Thursday, October 31, 2013

Wine Yeast & Brett Fermented Oak-Aged Strong Ale - Recipe & Brew Day



Do you ever lay awake at night just thinking about the vast unknowns in the wide wonderful world of yeast? I know I do. In fact, it's hard to sleep at all, knowing how much yeast is out there unbrewed-with. Much of this excitement, as you may have noticed, is directed toward Brettanomyces, but it's helpful to remember that there are a zillion other fermentative microbes lurking on the sidelines as well, even within the realm of domesticated Saccharomyces. Take, for instance, "wine yeast," which happens to just be a smallish group of Sacch strains that got roped into fermenting juice-based beverages somewhere along the way. While most people are dismissive of wine (or "grape mead," as you'll hear it called in some haughty establishments) as a brutish concoction — fashioned by crudely smashing pieces of fruit together and tossing the mangled remains into a bucket — others may still glean some interesting tidbits from this arcane curiosity.

I got the idea to use wine yeast in a beer from reading an experiment by Chris Lewis over at lewybrewing.com, so hat tip for the inspiration. I also need to mention Shea Comfort, who was on the Brewing Network a few years ago giving an excellent interview about this entire subject, as well as oak-aging. Most of the information online regarding wine yeast-fermented beers can be traced back to Shea Comfort. I have listened to parts of that interview numerous times already, and will probably listen to it again within the next couple days.

One often hears of bottling beers with champagne yeast for their high alcohol tolerance and tendency to fart out lots of CO2 in almost any environment, but there's a lot more to wine yeast than a knack for carbonating bottles. The unique Sacch strains used to ferment wine are especially fascinating to me, as they possess some truly odd characteristics. Somehow, most wine yeast have evolved a "kill factor," a trait as deadly as the name implies. Drop a wine yeast into a beverage alongside a standard beer strain, and guess what? Your beer yeast is dead, all dead. Depressing and a little disturbing, right? How fitting that I am posting this on Halloween. It seems very odd to me that wine yeast specifically have developed this trait, whereas it's unheard of in the beer brewing world. I'm sure there's some explanation for why this would've happened in one fermentive environment and not another, but right now, it just seems like wine yeast is kind of a dick.

This killing enzyme thing would hardly even be an issue if you could just use it all on its own, except that wine yeast's other main trait is an inability to ferment maltotriose / maltose. When it comes to the sugars present in wine and mead, this isn't a factor, but in beer, the result will be a lot of residual sugar left over— what we brewers might view as a "stuck" fermentation about a 1/3 of the way from normal terminal gravity. Shea Comfort mentions a few work-arounds for this, including blending batches, and a commercially-available enzyme that breaks down complex sugars into simple, fermentable sugars. (I was not familiar with the specific product he mentioned, but I would imagine it does much the same thing as Beano). In one scenario, you have a beer that's only partially fermented with the wine yeast, and in another, you have a beer that's perhaps over-fermented due to the enzymatic breakdown of all complex sugars.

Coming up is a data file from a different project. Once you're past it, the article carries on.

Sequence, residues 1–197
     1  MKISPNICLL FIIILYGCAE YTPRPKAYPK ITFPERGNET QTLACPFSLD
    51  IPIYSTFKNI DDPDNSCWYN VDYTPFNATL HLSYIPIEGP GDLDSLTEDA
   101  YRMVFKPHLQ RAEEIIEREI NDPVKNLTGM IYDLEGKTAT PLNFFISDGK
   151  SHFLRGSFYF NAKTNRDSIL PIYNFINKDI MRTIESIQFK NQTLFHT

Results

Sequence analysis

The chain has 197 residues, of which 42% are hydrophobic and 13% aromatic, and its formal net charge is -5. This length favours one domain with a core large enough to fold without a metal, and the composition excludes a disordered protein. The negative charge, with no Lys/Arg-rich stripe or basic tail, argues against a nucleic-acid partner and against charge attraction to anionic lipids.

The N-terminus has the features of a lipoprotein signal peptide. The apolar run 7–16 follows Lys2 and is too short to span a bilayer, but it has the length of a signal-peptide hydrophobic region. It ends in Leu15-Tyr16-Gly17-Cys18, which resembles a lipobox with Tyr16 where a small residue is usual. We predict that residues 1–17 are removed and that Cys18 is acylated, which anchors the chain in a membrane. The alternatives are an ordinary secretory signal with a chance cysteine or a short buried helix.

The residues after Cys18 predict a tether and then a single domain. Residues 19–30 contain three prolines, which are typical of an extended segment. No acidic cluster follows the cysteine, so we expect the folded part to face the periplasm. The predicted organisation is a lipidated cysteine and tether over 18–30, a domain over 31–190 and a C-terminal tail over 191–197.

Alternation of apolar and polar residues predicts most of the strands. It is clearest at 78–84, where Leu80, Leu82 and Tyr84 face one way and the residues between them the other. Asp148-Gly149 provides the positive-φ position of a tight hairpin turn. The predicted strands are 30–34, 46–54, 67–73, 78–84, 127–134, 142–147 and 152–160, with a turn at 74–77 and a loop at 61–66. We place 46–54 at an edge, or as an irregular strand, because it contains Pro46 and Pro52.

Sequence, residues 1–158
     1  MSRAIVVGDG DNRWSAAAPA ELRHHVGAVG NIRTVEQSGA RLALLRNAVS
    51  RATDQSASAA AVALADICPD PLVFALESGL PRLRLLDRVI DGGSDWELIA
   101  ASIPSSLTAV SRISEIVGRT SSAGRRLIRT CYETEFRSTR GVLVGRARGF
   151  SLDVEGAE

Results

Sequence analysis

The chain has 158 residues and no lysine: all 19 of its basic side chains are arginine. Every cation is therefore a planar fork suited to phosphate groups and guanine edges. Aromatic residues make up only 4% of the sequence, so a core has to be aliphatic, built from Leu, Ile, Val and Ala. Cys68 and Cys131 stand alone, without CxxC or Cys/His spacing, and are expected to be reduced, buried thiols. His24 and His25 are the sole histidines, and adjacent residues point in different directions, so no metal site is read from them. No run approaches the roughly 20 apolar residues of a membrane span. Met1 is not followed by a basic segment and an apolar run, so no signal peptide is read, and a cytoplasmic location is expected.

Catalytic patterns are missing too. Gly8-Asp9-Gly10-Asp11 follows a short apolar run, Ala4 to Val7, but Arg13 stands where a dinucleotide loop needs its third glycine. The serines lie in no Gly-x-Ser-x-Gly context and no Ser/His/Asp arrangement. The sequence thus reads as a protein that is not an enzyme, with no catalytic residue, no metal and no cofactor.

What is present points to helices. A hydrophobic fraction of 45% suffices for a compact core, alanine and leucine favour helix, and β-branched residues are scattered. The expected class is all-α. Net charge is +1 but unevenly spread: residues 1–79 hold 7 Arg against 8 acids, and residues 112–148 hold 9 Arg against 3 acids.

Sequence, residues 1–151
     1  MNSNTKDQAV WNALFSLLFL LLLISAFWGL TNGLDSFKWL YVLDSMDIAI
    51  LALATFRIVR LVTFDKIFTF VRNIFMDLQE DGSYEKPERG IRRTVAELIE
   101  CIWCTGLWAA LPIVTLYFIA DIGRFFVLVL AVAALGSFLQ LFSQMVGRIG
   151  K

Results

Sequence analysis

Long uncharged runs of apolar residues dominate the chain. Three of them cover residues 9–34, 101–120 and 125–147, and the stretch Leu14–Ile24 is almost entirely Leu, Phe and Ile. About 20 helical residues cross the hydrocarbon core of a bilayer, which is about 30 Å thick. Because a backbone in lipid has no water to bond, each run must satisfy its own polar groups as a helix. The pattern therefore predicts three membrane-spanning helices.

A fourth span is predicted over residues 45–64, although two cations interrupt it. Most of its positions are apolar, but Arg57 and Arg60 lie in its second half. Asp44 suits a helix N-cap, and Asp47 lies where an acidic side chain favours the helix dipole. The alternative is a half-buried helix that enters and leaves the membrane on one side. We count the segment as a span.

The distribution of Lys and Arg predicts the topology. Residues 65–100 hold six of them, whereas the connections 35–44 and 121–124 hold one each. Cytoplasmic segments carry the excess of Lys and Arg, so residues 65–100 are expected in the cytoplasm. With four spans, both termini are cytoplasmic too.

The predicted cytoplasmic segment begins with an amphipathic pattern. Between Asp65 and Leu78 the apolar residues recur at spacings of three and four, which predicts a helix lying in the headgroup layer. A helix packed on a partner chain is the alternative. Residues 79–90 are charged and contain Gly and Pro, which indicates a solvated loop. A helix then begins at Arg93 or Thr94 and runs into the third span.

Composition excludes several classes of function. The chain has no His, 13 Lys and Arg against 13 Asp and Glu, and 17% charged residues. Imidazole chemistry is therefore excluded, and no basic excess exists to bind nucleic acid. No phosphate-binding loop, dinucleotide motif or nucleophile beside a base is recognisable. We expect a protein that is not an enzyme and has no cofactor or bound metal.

There is one 'catch' to the kill factor of these wine yeast: it only works on members of its own genus. And Brettanomyces — belonging to another genus of yeast — ain't care. Brett has no time for your precious grapes. So, this does two very important things for my jollies. For one, I get to brew a beer modeled vaguely after a wine, fermented with wine yeast, aged on oak, and then infect it with Brettanomyces, the worst nightmare for most winemakers. So: ha ha ha. Hahahahaha. Hahahahahahaha. Secondly, the Brett should happily munch away at all those residual sugars, eventually dropping the gravity of the brew down to where I'd like it, an acceptably dry terminal gravity. At least, that's the idea.

Here's what remains to be seen, though: will Brett do some weird and/or wonderful things with the esters of the wine yeast? It's hard to say. All my hahas and fun-poking aside, this experiment could very well end up terrible. I really have no clue how this will taste in the end. I am willing to entertain the notion that maybe winemakers fear Brett for a reason — that perhaps Brett plays weirdly with the esters of wine yeast, and will create much less agreeable flavors than it does in my usual beers. I don't think so, but it's certainly a possibility. The wine yeast is a rather large variable itself, flavor-wise. After pitching one packet of Lalvin RC-212 Dry Wine Yeast, I experienced furious fermentation the next day — actually one of the most aggressive fermentations I've ever seen, with an airlock that sounded more like machine gun fire. Rampant as it was, the smell was not great — somewhere between musty basement, old socks, and sulfur — and I can only hope that months of aging will bring out the cherry / berry fruit flavors I expect to achieve. The aroma was similar to some gone-wrong English beers I've encountered, but this one is going to be given plenty of time to morph into a beautiful butterfly; and anyway, I haven't even added the Brett yet.